Albion: One Year Later

It’s nearly exactly a year to the day that we moved onto Albion and we still haven’t made it back to London. We have done a whole bunch of other things though and learned a lot about the boat, boaters, and boating in general. Here are some of the things:

1. Size matters: Small boats suck

Watch this video of a big dog trying to fit into a little bed.

That was pretty much what it was like to move into Albion. We thought we downsized when we moved onto a narrowboat in the first place but moving from a 65ft boat onto a 50ft boat with a tug deck and an engine room and a boatman’s cabin has really tested my capacity for giving up clothes.


“Ahem, fifty-ONE foot, thank you.” – Albion

2. Size doesn’t matter: Small boats are the best

That being said, downsizing in boat length has meant nothing but sheer relief when it comes to navigating the waterways. No longer are we forced to go gently swearing into that good night as we search desperately for a suitably-colossal mooring space. No longer do we go through locks diagonally (except sometimes when we’re not paying attention). No longer does steering our way around one 90ΒΊ bend take four hours. No longer are we longer.

Getting around on Albion has been an absolute dream, even with the old go fasty wheel and gear pulling thingy that we control the engine with now instead of what we had on the last boat which was like a modern fandangled throttle wotsit.


I never said I learned any new technical terms.

3. White was a really bad idea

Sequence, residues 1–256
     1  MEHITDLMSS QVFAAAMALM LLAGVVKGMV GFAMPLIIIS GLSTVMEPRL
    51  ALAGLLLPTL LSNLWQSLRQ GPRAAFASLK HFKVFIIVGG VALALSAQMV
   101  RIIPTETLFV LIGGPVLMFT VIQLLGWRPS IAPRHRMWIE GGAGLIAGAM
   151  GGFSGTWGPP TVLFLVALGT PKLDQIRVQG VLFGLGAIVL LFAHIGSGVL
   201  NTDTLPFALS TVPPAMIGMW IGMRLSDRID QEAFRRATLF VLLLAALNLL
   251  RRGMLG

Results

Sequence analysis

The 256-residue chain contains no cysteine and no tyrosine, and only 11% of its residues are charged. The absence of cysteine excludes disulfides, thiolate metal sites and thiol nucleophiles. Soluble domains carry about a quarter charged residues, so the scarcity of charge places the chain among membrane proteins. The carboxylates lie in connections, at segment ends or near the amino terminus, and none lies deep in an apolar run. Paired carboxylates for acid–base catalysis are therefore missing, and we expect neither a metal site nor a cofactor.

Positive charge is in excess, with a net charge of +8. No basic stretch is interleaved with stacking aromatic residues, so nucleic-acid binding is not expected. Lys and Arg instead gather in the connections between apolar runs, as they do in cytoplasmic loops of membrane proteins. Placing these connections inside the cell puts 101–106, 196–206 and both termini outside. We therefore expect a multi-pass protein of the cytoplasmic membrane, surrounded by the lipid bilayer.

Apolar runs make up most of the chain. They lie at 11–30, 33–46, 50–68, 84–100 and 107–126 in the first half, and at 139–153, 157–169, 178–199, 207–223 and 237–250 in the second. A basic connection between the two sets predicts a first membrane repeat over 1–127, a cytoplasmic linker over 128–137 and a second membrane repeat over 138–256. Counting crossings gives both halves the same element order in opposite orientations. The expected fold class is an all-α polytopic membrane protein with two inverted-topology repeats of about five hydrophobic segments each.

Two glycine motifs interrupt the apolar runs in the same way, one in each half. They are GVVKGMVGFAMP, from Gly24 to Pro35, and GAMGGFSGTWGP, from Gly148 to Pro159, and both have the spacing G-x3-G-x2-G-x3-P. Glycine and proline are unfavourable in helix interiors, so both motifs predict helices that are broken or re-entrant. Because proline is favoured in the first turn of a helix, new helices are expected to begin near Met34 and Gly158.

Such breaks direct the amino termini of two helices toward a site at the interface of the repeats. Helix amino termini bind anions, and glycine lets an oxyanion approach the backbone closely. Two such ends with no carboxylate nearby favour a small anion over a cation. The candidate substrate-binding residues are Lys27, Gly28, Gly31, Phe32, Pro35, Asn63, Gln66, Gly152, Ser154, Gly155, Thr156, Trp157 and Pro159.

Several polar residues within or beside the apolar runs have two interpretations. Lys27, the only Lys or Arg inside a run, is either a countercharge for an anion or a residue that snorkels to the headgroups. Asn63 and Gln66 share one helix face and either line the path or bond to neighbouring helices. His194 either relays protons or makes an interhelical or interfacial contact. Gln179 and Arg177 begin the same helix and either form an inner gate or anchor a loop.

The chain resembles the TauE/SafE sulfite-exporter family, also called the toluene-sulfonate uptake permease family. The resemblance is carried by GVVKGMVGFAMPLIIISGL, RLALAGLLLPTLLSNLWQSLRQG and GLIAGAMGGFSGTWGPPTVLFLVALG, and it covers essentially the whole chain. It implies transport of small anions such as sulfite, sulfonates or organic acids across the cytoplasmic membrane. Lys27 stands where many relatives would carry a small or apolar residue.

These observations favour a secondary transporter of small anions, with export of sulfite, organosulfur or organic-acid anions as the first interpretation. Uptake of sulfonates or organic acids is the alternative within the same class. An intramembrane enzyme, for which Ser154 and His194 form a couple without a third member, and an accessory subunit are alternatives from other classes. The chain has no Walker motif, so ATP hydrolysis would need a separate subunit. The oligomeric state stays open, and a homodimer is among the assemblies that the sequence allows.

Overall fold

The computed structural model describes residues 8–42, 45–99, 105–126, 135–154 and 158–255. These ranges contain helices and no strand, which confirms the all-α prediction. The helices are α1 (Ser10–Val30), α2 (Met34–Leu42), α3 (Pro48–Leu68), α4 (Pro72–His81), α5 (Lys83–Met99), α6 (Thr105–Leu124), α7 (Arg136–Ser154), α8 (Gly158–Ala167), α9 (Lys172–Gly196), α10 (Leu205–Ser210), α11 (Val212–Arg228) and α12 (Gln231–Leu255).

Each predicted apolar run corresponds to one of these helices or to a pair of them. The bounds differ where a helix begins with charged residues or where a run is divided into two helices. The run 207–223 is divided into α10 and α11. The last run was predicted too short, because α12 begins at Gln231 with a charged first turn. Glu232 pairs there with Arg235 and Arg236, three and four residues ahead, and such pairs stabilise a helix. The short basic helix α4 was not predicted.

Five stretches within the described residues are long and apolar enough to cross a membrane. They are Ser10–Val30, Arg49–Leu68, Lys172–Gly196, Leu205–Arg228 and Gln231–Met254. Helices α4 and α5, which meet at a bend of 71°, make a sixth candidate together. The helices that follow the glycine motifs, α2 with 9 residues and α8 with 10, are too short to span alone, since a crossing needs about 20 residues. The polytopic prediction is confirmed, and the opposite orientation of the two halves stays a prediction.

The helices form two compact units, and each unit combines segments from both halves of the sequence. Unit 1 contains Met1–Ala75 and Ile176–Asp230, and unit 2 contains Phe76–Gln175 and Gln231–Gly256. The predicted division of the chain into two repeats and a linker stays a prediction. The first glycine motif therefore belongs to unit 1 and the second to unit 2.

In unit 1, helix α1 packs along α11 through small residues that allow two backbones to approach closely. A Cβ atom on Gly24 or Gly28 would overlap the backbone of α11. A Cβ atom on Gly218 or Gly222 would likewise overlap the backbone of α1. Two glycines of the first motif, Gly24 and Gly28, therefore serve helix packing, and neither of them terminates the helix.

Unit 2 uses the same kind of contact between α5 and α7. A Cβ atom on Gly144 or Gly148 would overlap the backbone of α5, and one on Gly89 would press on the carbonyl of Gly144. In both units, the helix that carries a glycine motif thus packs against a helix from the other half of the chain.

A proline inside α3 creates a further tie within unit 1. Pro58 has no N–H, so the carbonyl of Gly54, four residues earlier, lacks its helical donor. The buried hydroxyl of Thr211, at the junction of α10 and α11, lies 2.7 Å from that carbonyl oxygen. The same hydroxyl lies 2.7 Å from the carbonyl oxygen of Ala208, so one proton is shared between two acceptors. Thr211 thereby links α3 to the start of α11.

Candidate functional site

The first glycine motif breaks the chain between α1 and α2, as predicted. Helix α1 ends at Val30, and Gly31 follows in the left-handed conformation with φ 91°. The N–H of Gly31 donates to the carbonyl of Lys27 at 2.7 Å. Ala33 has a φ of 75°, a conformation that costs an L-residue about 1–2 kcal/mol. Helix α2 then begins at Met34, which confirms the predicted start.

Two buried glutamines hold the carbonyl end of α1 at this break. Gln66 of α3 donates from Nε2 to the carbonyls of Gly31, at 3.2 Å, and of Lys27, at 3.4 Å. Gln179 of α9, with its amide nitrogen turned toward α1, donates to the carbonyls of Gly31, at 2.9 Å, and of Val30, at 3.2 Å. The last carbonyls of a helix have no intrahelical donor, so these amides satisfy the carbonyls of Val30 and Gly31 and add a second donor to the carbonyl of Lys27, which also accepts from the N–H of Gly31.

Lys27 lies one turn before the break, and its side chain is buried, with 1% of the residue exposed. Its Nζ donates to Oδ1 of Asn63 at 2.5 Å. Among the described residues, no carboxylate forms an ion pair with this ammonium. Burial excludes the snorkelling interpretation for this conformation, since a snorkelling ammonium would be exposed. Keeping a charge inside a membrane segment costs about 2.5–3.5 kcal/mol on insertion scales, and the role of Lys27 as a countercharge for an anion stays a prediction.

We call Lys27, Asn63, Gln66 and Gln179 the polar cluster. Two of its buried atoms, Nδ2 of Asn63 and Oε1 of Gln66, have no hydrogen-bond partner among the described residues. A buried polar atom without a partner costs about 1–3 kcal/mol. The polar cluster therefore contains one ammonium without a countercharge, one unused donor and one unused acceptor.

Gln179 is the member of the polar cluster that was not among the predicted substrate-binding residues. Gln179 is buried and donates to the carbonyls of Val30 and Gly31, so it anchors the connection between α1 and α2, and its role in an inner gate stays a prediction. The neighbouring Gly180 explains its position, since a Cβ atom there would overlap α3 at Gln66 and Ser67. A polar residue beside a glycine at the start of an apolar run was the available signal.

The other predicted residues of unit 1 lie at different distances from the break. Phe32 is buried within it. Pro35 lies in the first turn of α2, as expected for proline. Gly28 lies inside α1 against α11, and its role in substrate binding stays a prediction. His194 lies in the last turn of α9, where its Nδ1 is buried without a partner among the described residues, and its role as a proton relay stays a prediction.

I love Pinterest. It’s been an invaluable tool in my quest to fall in love with interior design ideas then half-heartedly copy them to ill effect.

The only thing about Pinterest is that it is, much like Instagram, a largely airbrushed version of the truth. Pictures of beautiful white boat interiors do not show how beautiful white boat interiors become muddy coal-stained muckholes after just a couple of weeks.

Take this picture for example:

Screen Shot 2016-01-23 at 15.30.16

Look at that beautiful white boat interior. I bet that beautiful white boat interior is just as beautiful and white now as it was in this picture, right?


That picture has been shared on Pinterest a fair few times. That picture is being used as inspiration for other narrowboat interior enthusiasts (or people who think living on a boat would be really romantic).

That picture is a picture of Albion. A picture of Albion after we painted her white because we looked at pictures of other white boats on Pinterest. That picture does not show what Albion looks like now.


This one does.

I’m not saying white is a terrible idea for all boat interiors. If you have a bigger boat or you’re not clumsy or you’re an intangible angel made of Cif and Mr Muscle, you could probably have a white boat interior. But we live in a very little boat and consist of 60% coal dust at any given time plus we have an even bigger, even clumsier, and even dirtier dog.